Opinion

Don't blame Trump. Blame Congress.

They had seven years to ready an ObamaCare repeal. Still, they failed.

In theory, gaining single-party governance represents the apotheosis of partisan politics. In practice, it becomes a trap, with parties stuck between the impulse to promise too much and do too little. This eventually results in massive disillusionment among voters, and a loss of power for years afterward.

Democrats still haven't learned that lesson from their 2009-10 control of Washington. Republicans might get that lesson even more quickly.

The new age of Republican governance only began a little more than two months ago with the launch of the 115th Congress and the inauguration of President Trump. After one of the most unusual presidential campaigns in American history, many wondered what the next few years in Washington would look like. Could Trump find sufficient discipline to govern? Would it fall to Speaker Paul Ryan and Senate Majority Leader Mitch McConnell to run policy for the next four years?

Instead, the issue appears to be reversed. While the White House hit a few road bumps on messaging and comportment, their policy work has been focused on the campaign promises Trump made — at least as far as can be accomplished through executive action. Whether one agrees or disagrees with Trump's policies, it's clear that he intended to hit the ground running and make changes to the direction of government.

The problem in the early weeks of GOP control of Washington has come from the other end of Pennsylvania Avenue. The Republican House of Representatives has failed spectacularly in its first major effort — their seven-year promise to repeal ObamaCare. Not only did the failure to resolve internal differences on the American Health Care Act (AHCA) prompt questions about Republican capacity for governance, the way it failed made those questions even more pressing.

After all, Republicans had made ObamaCare repeal their top domestic issue not just in the previous election, but through four election cycles. Both Trump in 2016 and Mitt Romney in 2012 made it a top domestic agenda item as well. Through all of that time, Republicans had not come up with legislative language to effect a repeal. Most assumed they wanted to protect themselves from political attacks during a time when they lacked any real chance of winning on repeal, which makes sense politically.

That excuse expired on Nov. 8, 2016 — and yet the GOP struggled to put together a plan on which they could agree even among themselves for months afterward. Conservatives demanded a straight repeal, while moderates — and Trump — demanded a transitional plan to avoid throwing people off of their coverage. House and Senate Republicans had very different ideas of repeal and replace, again despite having seven years to settle these differences internally. Even after Republicans clearly had fallen into disarray in the final days of the AHCA effort, leadership insisted that dissent was nothing more than a negotiating tactic, and that they had the votes to win an ObamaCare repeal.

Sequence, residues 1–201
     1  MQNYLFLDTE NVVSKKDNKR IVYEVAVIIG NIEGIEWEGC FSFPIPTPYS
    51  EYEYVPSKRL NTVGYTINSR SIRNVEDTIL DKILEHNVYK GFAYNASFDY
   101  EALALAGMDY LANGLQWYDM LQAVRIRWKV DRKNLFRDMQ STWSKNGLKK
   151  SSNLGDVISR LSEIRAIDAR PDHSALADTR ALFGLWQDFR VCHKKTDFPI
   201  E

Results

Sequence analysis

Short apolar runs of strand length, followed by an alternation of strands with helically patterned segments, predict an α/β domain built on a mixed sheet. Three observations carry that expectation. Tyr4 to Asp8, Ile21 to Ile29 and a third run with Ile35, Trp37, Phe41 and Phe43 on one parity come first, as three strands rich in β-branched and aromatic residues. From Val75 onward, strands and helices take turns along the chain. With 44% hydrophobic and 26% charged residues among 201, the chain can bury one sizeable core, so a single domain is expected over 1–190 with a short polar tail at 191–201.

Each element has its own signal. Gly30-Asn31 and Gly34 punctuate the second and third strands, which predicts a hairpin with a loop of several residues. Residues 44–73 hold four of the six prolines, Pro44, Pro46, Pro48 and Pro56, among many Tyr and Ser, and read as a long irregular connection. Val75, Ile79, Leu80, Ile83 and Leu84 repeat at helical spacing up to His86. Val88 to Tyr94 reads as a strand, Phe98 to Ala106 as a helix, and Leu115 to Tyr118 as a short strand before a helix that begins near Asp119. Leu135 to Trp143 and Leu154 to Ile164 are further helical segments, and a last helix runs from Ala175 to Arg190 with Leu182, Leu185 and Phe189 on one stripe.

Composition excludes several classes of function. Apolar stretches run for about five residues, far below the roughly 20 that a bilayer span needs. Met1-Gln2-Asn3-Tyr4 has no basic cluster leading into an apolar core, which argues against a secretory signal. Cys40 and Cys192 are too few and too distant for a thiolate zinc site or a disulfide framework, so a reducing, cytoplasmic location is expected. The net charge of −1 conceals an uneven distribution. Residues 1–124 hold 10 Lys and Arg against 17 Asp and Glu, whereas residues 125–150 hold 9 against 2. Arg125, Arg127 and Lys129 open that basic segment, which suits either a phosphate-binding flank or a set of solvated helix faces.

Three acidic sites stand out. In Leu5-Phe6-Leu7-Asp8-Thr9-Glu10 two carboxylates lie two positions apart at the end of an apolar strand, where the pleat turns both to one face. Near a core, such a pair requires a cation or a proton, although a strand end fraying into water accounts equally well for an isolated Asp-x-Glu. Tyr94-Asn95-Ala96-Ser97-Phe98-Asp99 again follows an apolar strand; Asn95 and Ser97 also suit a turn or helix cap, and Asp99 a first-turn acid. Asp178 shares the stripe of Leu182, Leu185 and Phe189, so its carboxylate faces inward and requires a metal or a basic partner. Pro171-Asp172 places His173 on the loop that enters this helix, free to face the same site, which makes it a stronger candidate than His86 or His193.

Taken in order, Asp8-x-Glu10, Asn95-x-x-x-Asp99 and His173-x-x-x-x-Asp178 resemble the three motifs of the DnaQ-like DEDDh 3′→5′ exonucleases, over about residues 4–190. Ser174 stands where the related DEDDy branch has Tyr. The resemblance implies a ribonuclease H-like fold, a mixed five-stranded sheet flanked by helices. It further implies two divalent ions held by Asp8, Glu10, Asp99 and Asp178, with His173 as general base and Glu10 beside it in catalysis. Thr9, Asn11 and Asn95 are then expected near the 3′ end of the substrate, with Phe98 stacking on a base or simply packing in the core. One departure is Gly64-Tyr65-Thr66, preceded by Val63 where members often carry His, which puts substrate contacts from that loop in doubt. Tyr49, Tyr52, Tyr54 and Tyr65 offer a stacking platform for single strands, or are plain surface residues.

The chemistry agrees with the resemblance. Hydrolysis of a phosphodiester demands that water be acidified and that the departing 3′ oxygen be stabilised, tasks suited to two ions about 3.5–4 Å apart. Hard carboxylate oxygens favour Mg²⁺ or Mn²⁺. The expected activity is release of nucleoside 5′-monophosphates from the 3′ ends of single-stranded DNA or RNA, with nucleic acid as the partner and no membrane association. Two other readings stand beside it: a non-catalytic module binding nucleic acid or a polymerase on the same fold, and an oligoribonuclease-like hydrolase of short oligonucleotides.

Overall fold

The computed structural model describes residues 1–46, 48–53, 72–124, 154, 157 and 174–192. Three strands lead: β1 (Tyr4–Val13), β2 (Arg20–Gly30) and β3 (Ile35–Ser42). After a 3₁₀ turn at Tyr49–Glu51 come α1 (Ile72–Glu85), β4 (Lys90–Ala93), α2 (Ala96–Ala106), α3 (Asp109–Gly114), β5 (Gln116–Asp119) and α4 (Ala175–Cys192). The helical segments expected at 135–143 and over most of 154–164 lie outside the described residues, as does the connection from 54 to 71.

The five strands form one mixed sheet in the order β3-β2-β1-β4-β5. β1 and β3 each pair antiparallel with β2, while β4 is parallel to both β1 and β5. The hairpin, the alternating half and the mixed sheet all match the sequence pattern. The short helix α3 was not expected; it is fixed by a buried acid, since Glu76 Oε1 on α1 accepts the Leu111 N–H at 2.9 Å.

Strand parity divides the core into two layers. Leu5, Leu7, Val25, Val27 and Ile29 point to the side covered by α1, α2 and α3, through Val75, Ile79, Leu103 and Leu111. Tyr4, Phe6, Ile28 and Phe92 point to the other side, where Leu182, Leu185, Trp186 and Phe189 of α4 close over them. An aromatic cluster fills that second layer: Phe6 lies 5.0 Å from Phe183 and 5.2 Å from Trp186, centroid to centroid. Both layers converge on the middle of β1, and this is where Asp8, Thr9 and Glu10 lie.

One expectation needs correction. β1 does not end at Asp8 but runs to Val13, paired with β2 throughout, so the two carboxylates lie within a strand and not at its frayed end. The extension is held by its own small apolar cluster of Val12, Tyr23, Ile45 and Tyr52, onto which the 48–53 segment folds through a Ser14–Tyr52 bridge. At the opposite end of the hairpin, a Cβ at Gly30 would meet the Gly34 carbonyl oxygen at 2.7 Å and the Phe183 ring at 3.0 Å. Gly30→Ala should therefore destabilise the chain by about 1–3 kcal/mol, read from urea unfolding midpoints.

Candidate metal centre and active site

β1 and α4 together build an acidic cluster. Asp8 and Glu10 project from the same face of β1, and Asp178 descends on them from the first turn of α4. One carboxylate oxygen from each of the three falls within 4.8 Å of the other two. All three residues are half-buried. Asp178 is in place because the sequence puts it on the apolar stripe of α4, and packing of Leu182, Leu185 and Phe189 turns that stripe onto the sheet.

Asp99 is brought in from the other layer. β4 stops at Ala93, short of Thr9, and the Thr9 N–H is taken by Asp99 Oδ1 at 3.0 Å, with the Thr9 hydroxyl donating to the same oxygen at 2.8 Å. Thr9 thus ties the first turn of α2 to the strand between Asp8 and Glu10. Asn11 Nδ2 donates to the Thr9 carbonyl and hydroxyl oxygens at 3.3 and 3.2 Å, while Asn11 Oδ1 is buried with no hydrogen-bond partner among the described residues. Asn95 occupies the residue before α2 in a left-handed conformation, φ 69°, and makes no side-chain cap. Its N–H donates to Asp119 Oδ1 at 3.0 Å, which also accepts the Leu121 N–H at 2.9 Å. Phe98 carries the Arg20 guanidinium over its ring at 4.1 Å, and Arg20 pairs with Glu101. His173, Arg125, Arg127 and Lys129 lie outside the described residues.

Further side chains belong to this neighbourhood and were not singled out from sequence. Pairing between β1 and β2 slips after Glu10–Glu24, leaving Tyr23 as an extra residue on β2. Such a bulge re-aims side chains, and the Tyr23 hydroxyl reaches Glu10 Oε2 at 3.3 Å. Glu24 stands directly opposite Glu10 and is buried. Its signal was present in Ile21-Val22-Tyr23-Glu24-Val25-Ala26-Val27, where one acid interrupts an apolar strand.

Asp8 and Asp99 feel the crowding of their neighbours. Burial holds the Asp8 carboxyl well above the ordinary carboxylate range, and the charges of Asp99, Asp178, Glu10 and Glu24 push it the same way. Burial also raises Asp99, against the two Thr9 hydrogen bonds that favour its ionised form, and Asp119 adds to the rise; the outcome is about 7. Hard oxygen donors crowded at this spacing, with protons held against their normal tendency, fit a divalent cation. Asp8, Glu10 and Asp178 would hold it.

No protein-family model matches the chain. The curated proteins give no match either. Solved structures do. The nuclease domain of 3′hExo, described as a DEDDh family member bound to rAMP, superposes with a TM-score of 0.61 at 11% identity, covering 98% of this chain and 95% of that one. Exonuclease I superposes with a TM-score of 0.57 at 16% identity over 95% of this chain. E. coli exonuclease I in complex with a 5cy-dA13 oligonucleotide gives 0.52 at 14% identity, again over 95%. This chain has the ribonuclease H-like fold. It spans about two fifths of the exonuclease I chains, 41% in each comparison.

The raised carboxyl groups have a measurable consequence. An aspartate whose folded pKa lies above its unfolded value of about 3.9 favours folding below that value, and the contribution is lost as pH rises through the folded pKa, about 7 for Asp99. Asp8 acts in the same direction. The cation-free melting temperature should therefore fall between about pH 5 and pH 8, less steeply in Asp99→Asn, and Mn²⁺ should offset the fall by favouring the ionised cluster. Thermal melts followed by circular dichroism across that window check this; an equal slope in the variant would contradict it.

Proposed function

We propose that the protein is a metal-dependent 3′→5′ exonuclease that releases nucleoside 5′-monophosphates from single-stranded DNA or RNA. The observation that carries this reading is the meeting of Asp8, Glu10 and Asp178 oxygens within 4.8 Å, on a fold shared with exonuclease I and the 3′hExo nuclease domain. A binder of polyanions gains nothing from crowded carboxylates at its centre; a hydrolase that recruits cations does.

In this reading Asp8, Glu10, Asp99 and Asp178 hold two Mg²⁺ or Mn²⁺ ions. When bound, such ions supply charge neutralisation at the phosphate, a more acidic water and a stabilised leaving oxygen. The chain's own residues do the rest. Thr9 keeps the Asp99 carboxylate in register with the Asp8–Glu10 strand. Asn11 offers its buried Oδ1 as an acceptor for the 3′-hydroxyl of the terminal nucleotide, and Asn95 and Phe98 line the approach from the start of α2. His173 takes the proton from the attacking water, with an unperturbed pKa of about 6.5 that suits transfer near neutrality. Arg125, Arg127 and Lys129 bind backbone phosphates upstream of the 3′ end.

Instead, the GOP effort collapsed — and with it, part of their governing credibility. The latter doesn't just result from the aborted vote on AHCA, but the inability to have the Republican agenda ready on Day One. Glenn Reynolds rightly wondered in the aftermath why Republican leadership on Capitol Hill "didn't have bills lined up like airplanes on the runway." They certainly had enough advance notice on ObamaCare to prepare for the potential opportunity. Why were they so unprepared?

Republicans on Capitol Hill face two more immediate challenges to their credibility for single-party governance. Now that ObamaCare repeal has been derailed, President Trump wants to move to tax reform, another long-promised agenda item from the GOP. The path forward looks more direct, although it does not appear that this plane has come out on the runway yet, either.

Before they tackle tax reform, though, Congress must pass the rest of the FY2017 budget. The continuing resolution passed after the election runs out on April 28, at which point the government will shut down without new funding. Trump insists that the omnibus spending bill should include initial funding for his wall on the southern border — another longtime GOP promise — but opposition to that plan is also rising on both sides of the aisle.

Senate Democrats reportedly plan to filibuster the omnibus bill if it includes any funding for the wall. Even without the filibuster, the funding may not have enough Republican votes in the Senate, as John McCain (R-Ariz.), Jeff Flake (R-Ariz.), and John Cornyn (R-Texas) have all expressed significant reservations over the project. Some House Republicans are now opposed to it as well. Ryan and McConnell may have to kick that can down the road, too. Rep. Tom Cole (R-Okla.) told Morning Joe that the GOP needs to focus on the essentials in the omnibus plan. "To me," he said, "we ought to focus on the things we know we can do and we have to do."

While that may be the practical approach, it looks a lot like the failure to change the status quo on ObamaCare. That raises lots of questions about whether Republicans can actually achieve any of their agenda and govern effectively at the same time. If they can't deliver now, voters will assume they can't deliver at all — and this period of single-party governance may not last any longer than Democrats' in 2009-10.

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